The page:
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RE: Truss Diagonals in Compression (AASHTO)

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Bill,

I always go to the panel points!

Mike Ritter, PE

> -----Original Message-----
> From:	Polhemus, Bill [SMTP:wlpolhemus(--nospam--at)sbinfra.com]
> Sent:	Monday, April 24, 2000 1:59 PM
> To:	'seaint(--nospam--at)seaint.org'; 'structx(--nospam--at)topica.com'
> Subject:	Truss Diagonals in Compression (AASHTO)
> 
> I'm in a sort of "dispute" with a "peer review" engineer. They're
> checking
> our design calculations for retrofitting some overhead sign supports
> on a
> freeway project where the existing signs are begin replaced with very
> heavy
> electronic message boards.
> 
> In reviewing the existing structure, a truss supported on large
> concrete
> columns, it was noted that while the compression stresses in MOST of
> the
> diagonal truss members are fairly low, these members are comprised of
> single
> angles, only 2.5" x 1.5" (a non-standard size, leading me to wonder if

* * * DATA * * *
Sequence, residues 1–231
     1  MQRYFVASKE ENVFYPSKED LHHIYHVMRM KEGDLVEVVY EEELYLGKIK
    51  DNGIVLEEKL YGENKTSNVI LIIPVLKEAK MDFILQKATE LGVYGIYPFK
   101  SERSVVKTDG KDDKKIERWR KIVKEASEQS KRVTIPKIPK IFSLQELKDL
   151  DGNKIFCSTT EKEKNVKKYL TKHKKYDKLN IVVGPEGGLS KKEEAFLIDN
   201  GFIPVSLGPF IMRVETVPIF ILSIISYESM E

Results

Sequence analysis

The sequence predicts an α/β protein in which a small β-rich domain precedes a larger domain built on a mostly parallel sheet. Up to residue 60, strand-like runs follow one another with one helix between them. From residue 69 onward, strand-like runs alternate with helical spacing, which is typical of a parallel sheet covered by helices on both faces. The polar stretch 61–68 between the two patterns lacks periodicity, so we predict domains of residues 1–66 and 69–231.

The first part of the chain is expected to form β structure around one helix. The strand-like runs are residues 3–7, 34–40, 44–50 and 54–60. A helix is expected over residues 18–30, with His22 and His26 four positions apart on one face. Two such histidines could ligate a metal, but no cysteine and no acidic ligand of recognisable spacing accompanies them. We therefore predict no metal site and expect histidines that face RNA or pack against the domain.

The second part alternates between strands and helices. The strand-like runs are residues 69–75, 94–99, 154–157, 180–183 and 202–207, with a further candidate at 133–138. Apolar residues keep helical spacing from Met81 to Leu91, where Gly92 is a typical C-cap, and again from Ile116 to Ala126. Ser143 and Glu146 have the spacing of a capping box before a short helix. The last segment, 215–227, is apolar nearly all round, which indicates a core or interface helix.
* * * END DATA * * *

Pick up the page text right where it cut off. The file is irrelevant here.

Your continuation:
> they're cold-formed). Since the l/r value I calculate for these
> members is
> greater--in some cases much greater--than 200, I called for them to be
> replaced with larger "standard" size angles.
> 
> My rationale is that, even though such members have "worked" for lo,
> these
> many years, and since we're putting much heavier signs on these
> supports,
> and since my "okaying" smaller members means I think they'll work fine
> under
> the new loading, AND since a plaintiff's attorney would have a FIELD
> DAY
> with me in the witness box should one of these signs for whatever
> reason
> decide to part company with its support and attempt to occupy the same
> space-time as a human being passing unsuspecting in an automobile
> below....
> 
> Well, I think you get my drift.
> 
> Problem is, I typically calculate the "effective length" of truss
> members
> from panel point to panel point. The peer review guys claim that "the
> code"
> allows you to go from actual end of member to actual end of member. I
> disagree strenuously with this, since I happen to know that gusset
> plates
> aren't infinitely rigid.
> 
> So, what do you think? Who's right?
> 
> Thanks.
>